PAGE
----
RIDGEFIELD — On June 12, Ridgefield High School’s boys’ varsity lacrosse team defeated Fairfield Prep to clinch the state championship title. Accompanying the Tigers’ in their celebrations was 10-year-old resident Conner Curran, who served as the team’s honorary captain during the season.
Having lived with Duchenne muscular dystrophy, a progressive muscle-wasting condition, for more than half his life, the Barlow Mountain student has had to watch sporting events from the sidelines. But that all changed when head coach Roy Colsey read a social media post about Curran.
Curran’s mother, Jessica, wrote that while driving her son Kyle, Curran’s twin, to his first lacrosse practice, he discussed what number he would rep on his jersey. Curran chimed into the conversation, saying, “I would pick number 7 if I could play.” It was then that Colsey and the rest of the Tigers set out to make Curran feel like a part of the team.
“It was a thrill for Conner to be able to experience being an official member of a team and all that comes with it — the camaraderie, the spirited competition and the thrill of a win,” his father, Chris, said.
As the season progressed, the community came out in droves to cheer on the Tigers and their 10-year-old captain. They beat back the dejection of their losses, their family struggles and the injuries their teammates faced. Slowly, the losses faded away and a momentum of wins started to pile up.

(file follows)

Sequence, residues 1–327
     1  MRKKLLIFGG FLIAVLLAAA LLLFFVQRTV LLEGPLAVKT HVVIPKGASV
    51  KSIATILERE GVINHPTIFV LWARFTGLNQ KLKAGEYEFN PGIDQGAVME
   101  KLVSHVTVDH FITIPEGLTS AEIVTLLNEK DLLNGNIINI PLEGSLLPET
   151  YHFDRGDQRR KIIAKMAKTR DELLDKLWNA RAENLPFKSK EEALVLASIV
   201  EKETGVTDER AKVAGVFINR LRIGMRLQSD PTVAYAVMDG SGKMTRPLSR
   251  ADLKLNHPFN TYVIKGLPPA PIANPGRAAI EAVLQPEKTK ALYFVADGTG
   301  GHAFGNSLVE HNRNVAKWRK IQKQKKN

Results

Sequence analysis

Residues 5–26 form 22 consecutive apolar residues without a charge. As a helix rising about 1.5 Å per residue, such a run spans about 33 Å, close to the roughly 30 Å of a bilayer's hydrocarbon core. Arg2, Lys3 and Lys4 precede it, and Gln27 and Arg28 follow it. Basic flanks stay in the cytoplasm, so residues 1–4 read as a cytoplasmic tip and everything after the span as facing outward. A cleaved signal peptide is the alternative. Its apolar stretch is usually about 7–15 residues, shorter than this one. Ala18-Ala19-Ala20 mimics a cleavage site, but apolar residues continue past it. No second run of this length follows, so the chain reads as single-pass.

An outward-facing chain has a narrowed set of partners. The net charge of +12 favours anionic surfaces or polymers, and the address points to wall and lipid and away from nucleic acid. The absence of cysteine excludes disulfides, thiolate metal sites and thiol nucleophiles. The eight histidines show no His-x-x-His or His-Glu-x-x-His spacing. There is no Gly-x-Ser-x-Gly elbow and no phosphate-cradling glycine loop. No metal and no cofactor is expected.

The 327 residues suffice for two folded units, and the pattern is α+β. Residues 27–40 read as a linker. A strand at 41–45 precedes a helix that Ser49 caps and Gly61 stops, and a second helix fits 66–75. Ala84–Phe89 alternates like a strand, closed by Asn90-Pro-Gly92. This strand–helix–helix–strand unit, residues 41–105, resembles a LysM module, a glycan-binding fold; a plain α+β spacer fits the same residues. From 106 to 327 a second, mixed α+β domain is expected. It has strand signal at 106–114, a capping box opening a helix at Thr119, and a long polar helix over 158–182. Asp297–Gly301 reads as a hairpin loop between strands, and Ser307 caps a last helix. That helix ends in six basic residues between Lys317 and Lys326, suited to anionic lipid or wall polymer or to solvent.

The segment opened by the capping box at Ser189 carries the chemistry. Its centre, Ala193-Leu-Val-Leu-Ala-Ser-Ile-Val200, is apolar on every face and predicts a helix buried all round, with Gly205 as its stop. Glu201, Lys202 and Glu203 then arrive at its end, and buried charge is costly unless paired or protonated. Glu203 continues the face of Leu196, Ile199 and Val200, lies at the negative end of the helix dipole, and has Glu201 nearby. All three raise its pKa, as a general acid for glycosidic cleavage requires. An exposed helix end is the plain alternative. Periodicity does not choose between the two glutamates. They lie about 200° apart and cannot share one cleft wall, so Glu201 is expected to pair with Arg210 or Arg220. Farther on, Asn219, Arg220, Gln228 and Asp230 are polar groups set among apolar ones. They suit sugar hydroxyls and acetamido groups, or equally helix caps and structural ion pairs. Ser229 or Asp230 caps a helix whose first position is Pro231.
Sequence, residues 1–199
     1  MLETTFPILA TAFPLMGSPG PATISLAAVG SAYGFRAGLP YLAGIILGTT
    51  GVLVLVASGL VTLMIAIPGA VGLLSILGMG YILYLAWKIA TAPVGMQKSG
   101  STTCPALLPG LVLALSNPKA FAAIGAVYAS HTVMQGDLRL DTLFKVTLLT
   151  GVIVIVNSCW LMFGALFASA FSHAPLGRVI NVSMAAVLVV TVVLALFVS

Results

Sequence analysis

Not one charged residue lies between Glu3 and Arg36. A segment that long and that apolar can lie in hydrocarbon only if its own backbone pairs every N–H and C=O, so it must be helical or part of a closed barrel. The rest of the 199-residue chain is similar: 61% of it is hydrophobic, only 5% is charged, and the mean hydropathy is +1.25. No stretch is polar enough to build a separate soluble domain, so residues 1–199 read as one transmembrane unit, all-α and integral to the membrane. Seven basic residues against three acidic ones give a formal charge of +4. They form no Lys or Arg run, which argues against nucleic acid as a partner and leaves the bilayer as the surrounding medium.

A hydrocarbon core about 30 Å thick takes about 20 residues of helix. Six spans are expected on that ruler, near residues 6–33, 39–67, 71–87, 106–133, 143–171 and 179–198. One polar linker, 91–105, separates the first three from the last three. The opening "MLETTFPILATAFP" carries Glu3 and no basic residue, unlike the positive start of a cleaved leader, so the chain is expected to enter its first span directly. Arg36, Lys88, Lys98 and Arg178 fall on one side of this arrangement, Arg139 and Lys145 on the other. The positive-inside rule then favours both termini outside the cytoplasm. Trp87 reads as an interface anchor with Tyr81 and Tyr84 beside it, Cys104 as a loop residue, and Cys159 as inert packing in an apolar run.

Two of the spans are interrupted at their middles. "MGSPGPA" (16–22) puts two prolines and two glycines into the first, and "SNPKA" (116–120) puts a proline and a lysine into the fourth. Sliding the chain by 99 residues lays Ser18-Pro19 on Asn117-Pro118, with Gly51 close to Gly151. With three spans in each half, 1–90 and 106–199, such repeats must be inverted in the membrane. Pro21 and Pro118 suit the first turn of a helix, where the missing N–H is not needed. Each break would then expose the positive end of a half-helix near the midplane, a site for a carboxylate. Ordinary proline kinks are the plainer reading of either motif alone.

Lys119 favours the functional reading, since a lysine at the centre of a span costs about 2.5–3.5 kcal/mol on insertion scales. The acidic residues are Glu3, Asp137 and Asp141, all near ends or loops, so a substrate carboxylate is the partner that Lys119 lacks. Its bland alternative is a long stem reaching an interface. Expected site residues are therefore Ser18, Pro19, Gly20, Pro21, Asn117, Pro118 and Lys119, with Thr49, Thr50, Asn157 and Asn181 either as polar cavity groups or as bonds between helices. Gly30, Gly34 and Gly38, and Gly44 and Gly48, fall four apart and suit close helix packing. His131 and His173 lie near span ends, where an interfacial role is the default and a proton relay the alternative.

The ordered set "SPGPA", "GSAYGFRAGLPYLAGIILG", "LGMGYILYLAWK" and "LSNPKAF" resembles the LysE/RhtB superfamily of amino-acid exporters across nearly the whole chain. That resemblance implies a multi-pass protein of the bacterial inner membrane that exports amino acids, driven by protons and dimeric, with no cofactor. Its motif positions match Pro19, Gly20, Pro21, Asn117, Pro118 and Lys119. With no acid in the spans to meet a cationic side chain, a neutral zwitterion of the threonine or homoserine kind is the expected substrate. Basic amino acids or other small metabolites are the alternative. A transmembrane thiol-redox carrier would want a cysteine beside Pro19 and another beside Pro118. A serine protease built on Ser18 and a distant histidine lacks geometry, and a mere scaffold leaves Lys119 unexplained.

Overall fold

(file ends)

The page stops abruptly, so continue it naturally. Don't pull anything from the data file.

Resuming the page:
However, on the morning of the state finals, the team’s leading scorer, Kyle Colsey, had to be rushed to the hospital for an appendectomy.
The score was 5-2 in favor of Fairfield Prep early in the third quarter, but the Tigers battled back to level the scoreboard with three minutes remaining. During the fourth quarter, Ridgefield took their first lead of the game and maintained it, punching a final score of 8-5 to win the state championship.
Curran received his medal along with the rest of the players, and there was not a dry eye in the house. The Tigers gave the 10-year-old a varsity letter, a championship ring and the thrill of a lifetime.
To learn more about the research being done to find a cure for Duchenne muscular dystrophy, visit KindnessOverMD.org.
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